Our guest blogger is Seth Hanlon, Director of Fiscal Reform for the Center for American Progress Action Fund’s Doing What Works project.
One of the enduring myths of American politics is that the estate tax falls hardest on small businesses and family farms, forcing them to sell their farms and businesses to pay the tax. It’s not true, and has never been true. Nonetheless, newspaper reporters have scoured the land for many years, searching in vain for families forced to sell small businesses or family farms due to the estate tax.
Now that Congress seems poised to eviscerate the estate tax, the task of finding these mythical estate tax victims is going to be even harder. The tax cut compromise moving through Congress would exempt all estates with assets valued at under $5 million and $10 million for couples. With the exemption raised to these levels, only the largest 3,600 estates in the country will pay any estate tax; the other 99.86 percent of estates will be entirely exempt.
Yet it appears that no matter how much Congress slashes the estate tax, the Wall Street Journal will continue to send its reporters in search of the “small businesses” that are going to be devastated by the tax. A Journal story today carries the headline, “For Family-Run Small Businesses, Estate-Tax Uncertainty Adds Cost.”
Has the Journal actually found a small business that will suffer under the weight of the estate tax? Not quite. The story profiles a wealthy Arkansas man who owns a lumber business, forest land, and five mills that are currently valued “between $30 million and $50 million apiece.” This is the Journal’s only example of the “small businesses” faced with uncertainty under the new estate tax regime.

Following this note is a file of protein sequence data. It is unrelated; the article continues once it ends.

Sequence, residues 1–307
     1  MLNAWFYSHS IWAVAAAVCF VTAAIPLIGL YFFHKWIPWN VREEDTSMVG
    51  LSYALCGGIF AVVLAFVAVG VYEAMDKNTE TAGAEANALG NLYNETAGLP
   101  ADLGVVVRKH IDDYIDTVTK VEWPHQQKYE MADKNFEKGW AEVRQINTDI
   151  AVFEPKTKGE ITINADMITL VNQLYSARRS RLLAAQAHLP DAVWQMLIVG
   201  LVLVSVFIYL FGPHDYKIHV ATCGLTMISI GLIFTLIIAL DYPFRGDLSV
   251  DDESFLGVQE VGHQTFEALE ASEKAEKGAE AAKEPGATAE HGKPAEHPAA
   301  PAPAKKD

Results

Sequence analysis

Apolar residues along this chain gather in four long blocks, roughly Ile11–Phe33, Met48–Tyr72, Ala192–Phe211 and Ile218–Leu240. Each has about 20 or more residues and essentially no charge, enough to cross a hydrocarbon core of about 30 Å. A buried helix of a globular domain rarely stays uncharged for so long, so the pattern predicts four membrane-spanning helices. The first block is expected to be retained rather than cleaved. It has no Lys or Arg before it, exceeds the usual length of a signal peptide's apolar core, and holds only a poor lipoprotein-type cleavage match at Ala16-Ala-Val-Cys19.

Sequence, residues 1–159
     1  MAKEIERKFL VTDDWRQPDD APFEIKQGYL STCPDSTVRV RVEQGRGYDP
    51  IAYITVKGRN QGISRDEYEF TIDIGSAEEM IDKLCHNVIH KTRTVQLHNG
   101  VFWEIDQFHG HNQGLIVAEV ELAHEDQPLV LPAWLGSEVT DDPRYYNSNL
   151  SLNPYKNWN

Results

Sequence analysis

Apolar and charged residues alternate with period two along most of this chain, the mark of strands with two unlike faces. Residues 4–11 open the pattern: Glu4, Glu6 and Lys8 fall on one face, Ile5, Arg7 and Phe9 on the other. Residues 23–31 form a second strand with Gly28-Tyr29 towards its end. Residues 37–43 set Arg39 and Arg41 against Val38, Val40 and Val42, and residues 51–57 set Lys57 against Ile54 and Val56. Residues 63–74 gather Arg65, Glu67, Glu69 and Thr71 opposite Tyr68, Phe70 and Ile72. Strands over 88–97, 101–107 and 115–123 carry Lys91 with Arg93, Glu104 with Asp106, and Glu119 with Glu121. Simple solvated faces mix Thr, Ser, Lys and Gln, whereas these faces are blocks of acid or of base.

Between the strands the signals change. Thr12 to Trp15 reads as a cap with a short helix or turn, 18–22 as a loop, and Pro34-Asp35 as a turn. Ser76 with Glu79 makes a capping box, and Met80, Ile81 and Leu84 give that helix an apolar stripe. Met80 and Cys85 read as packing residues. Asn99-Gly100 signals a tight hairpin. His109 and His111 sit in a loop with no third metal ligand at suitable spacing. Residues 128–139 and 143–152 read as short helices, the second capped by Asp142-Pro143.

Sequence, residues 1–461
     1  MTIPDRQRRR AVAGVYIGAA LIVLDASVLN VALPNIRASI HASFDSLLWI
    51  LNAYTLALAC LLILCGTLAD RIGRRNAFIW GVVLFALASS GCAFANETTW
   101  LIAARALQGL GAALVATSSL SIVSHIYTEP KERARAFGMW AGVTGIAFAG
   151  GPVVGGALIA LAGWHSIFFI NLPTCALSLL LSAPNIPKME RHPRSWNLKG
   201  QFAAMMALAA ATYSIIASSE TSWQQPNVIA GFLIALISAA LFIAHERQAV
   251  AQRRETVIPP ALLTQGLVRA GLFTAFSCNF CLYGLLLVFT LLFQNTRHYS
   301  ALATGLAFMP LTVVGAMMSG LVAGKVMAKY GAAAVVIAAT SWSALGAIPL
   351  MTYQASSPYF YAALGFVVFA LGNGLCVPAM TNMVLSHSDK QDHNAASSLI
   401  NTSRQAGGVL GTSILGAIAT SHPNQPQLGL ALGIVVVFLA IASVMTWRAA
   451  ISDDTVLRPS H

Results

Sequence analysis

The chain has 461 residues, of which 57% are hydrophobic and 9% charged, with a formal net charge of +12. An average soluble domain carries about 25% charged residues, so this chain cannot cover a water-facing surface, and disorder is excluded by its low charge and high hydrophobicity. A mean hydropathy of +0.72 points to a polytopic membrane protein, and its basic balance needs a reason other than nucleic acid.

Does a business with 600 employees that is worth more than $150 million fit within the definition of “small business”? Only if you’re the Wall Street Journal publishing a story about who pays the estate tax, and you need a sympathy-inducing headline.
Estimates by the Tax Policy Center show that only fifty small farm and business owners in the entire country will pay any estate tax next year under the new framework, and they would pay an average rate of just 7.4 percent. If they actually exist, these fifty farms and businesses can probably avoid the tax altogether with only a little bit of estate planning — and so can many estates well in excess of $5 million.
According to the Journal, the $5 million exemption “won’t apply” to the lumber mill owner “because the value of the mills is so high.” Actually, the $5 million or $10 million exemption applies to all estates, and only the value above that level will be taxed.
With the tax legislation nearing passage in Congress, the estate tax is all but dead. It appears, however, that on the pages of the Wall Street Journal the small business myth is as alive as ever.